The Apothecary is a book for young readers, but like all good books, it is a story that appeals to all ages. A fantasy with some important and often neglected history mixed in, the novel begins with a move from the U.S. to London for fourteen-year-old Janie Scott.
Janie's parents are screen writers in 1952 during the time of the Hollywood Black Lists. When Janie's family comes under surveillance, her parents know that if they are called to testify, they would be asked to name names, putting an end to many careers. They decide to move to London where they have been offered a job working on a television series about Robin Hood.
(By the by, this period in our history is a shameful one that really does deserve more attention. Many innocent people were denied the right of the First Amendment and lost their jobs during the McCarthy witch hunts. John Huston, Humphrey Bogart, Lauren Bacall, and Danny Kaye were among those who protested and formed The Organization for the First Amendment. )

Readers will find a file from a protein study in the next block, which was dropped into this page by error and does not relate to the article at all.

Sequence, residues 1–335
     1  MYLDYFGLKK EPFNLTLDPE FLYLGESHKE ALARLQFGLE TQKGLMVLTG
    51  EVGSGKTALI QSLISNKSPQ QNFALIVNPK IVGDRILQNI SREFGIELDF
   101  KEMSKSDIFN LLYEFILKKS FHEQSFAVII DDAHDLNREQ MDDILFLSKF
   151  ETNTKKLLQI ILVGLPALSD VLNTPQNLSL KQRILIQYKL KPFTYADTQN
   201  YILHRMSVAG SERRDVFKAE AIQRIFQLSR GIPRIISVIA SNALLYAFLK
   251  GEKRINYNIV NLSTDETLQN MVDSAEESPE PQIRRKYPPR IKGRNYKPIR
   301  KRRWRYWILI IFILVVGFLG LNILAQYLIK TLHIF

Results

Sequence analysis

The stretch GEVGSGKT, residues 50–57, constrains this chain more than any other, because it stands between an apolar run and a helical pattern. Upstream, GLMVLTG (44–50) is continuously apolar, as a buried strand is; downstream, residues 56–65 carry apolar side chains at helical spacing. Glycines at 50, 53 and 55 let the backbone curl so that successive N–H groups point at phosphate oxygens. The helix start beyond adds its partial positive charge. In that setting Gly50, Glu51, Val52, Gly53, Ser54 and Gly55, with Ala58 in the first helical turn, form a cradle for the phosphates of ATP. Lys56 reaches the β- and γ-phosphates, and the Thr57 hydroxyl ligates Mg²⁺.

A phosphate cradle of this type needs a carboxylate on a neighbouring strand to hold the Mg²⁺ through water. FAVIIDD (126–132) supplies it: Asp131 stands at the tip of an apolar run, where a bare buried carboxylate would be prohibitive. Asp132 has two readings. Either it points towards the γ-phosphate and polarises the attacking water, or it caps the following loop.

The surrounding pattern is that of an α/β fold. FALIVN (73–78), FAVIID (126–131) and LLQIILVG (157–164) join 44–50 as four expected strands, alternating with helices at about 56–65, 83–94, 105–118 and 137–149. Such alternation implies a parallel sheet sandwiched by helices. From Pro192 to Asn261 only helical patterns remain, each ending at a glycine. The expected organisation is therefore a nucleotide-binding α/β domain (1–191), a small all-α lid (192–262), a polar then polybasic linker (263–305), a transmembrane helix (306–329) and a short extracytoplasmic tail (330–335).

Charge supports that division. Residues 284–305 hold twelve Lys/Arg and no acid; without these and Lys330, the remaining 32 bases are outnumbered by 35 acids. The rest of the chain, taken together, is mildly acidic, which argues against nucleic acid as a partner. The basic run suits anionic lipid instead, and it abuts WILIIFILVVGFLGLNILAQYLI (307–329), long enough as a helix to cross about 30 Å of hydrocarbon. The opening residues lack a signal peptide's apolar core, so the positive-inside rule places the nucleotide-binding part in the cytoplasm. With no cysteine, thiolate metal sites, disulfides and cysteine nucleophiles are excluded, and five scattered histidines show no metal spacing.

Back to the novel, Janie is very unhappy with her parents about this move (something I could identify with as a move at that age brought out the worst in me and drove my poor parents crazy). She misses her old school and her friends; she must attend a new school as the odd-man out. She even has difficulty understanding the English -- same language, different pronunciation.
She does make a new friend, however, in Benjamin Burrows, son of the local apothecary. The Cold War is at its height, the Russians are the enemy, the "duck and dive" mentality is the useless caution against nuclear warfare, spies are everywhere for both the good guys and the bad guys, and treasonous activities occur.
Janie and Benjamin become involved in an adventure neither could have imagined, complete with spies, kidnappings, and magic.
I'm not going to tell you any more, but I am going to send you to Nan's review (Letters from a Hill Farm) because her review is the reason I checked out this book.
I have already Googled a bunch of sites on the Hollywood Blacklist and the House of Un-American Activities Committee and plan to eventually do some nonfiction reading about this period. Although this is background material only for the novel, and I've read some in this area before, my interest has increased.
Fiction. Fantasy/YA. 2011. 353 pages.